So the biggest lesson from Iraq is that it was a stupid war. For American intellectuals, Iraq was not a war which was wrong and immoral, but just a stupid war that cost the US too much money. In capitalist America, it’s all about money. Clearly there are no lessons to be learnt from the fact that the US destroyed an entire country, killed more than a million people, used depleted uranium to deform thousands of children (the cancer rate in Fallujah is higher than Nagasaki and Hiroshima) and made thousands women into widows. The US didn’t learn anything from Vietnam and it’s the same with this war. This is because the US refuses to look at itself in the mirror. If the US goes on like this, then there is nothing that can stop this criminal, terrorist and racist empire.
- Jahanzeb Hussain
(Source : foreignpolicy.com)
Note on the 9th anniversary of the Iraq war
There are many people who oppose the invasion of Iraq but at the same time support the Afghan war as the “good war”. On top of that, they also support bombing Iran, deny Palestinians their rights and were in favor of NATO’s mission in Libya. They also back the drone bombings in Pakistan. Some of them are part of the Kony2012 crowd as well. These bandwagoners need to get a fucking life.
- Jahanzeb Hussain
9 years of Iraq War
When the American troops began to invade Iraq, there was this one question on our minds: Who’s next? Are we next? I was a 14 year-old kid at that time. For me, the Iraqi child that I saw dying on tv could very well have been me. What’s the difference after all? For the Empire, we are all one and the same. They could have blown my house up and destroyed my city - Karachi - just as easily as they were bombing Baghdad. Where was I and where were the Iraqi children? We were all the same. And we are still the same.
- Jahanzeb Hussain
9 years ago today, Geroge Bush announced the invasion of Iraq. One of the biggest - if not the biggest - war criminals on earth still walks free to this moment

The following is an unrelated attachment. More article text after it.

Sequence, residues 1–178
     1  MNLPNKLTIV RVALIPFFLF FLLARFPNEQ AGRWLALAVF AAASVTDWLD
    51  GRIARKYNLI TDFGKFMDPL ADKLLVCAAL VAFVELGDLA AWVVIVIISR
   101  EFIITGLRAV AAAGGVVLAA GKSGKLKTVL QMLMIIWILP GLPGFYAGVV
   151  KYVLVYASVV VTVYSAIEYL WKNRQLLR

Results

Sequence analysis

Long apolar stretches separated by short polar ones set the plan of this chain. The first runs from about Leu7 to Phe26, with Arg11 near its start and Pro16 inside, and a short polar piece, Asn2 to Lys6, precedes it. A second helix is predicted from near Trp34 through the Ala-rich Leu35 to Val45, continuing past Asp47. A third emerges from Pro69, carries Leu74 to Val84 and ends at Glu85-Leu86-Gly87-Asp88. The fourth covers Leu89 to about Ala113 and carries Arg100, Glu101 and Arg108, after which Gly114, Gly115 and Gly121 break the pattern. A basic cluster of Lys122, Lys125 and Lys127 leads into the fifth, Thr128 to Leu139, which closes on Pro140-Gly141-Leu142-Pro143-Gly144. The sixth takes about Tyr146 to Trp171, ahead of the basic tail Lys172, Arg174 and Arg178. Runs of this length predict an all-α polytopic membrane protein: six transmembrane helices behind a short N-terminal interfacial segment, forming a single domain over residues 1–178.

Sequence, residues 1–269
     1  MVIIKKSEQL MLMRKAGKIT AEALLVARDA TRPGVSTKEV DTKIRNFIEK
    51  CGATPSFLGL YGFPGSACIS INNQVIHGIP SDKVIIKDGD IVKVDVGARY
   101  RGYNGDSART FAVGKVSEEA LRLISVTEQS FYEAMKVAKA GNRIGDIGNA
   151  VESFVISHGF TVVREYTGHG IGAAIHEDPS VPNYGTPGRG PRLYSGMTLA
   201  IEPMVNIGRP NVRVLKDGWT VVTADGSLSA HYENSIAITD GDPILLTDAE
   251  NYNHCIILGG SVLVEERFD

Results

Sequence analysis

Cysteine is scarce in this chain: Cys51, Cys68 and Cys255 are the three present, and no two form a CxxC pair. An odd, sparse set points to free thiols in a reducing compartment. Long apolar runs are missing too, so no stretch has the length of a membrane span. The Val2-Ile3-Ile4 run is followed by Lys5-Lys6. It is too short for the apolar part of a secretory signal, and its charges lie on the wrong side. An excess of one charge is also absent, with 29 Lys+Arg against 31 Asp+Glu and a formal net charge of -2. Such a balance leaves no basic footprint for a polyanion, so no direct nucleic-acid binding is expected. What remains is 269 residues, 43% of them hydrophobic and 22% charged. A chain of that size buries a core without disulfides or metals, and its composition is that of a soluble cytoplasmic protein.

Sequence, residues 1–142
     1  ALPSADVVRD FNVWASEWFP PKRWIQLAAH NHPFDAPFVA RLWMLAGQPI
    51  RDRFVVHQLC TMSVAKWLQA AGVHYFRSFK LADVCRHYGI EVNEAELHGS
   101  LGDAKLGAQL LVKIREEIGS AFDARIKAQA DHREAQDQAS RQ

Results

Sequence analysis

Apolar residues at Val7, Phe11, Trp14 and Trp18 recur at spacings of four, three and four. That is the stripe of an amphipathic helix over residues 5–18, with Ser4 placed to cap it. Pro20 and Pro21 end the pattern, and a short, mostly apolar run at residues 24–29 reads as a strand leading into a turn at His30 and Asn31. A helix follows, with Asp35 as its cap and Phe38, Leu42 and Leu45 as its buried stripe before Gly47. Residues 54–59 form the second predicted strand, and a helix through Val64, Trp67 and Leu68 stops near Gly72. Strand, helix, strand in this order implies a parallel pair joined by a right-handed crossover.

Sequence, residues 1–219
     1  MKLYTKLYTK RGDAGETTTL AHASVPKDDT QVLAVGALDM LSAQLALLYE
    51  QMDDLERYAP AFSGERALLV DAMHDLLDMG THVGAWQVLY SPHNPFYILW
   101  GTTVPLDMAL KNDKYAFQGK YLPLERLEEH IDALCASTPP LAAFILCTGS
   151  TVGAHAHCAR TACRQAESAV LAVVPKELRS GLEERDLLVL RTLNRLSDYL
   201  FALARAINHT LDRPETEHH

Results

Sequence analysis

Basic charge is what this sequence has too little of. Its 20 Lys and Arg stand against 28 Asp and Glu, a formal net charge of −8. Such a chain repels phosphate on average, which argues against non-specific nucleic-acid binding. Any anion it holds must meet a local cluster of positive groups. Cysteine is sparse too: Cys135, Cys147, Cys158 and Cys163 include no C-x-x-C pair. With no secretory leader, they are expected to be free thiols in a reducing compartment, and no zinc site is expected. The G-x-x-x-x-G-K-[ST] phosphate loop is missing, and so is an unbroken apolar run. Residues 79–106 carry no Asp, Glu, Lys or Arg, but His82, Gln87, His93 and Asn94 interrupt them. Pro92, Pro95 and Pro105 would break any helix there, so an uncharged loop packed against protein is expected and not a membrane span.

Even though the war, officially, is in Iraq and Afghanistan, it was Pakistan that, in 2009, had more casualties than Afghanistan in the same year and Iraq in 2011.
American Policy Toward Iraq After 2011
"Until the global economy kicks its dangerous addiction to oil, Iraq will matter a great deal to us and to our trading partners."
Testimony before the U.S. Senate Committee on Armed Services.
I really urge you to read this.
(Source : brookings.edu)
Let us forget about Iraq
It angers me, listening to so many mourn the financial losses the United States Gov’t has forced upon the citizens of this empire. The cost of the war. That is seemingly all we hear of. The day the war “ended” I forced myself into watching, briefly, a few mainstream media outlets; the cost to Americans was all that mattered – their troops, their money – them. A selfish media for a selfish people.
Very well written by Roqayah Chamseddine. Must read and must share
Obama, Maliki outline post-war cooperation between U.S. and Iraq
“Just as Iraq has pledged not to interfere in the affairs of other nations, other nations must not interfere in Iraq,” Obama said. “Iraq’s sovereignty must be respected.”
Except for obviously the United States which is supposed to rule the world by force and nobody is supposed to know that, let alone point it out.
(Source : Washington Post)
US and Iraq
The United States would continue to have a presence in the region [Middle East], which “should be free from outside interference to continue on a pathway to democracy,” Clinton added, alluding to US arch-foe Iran.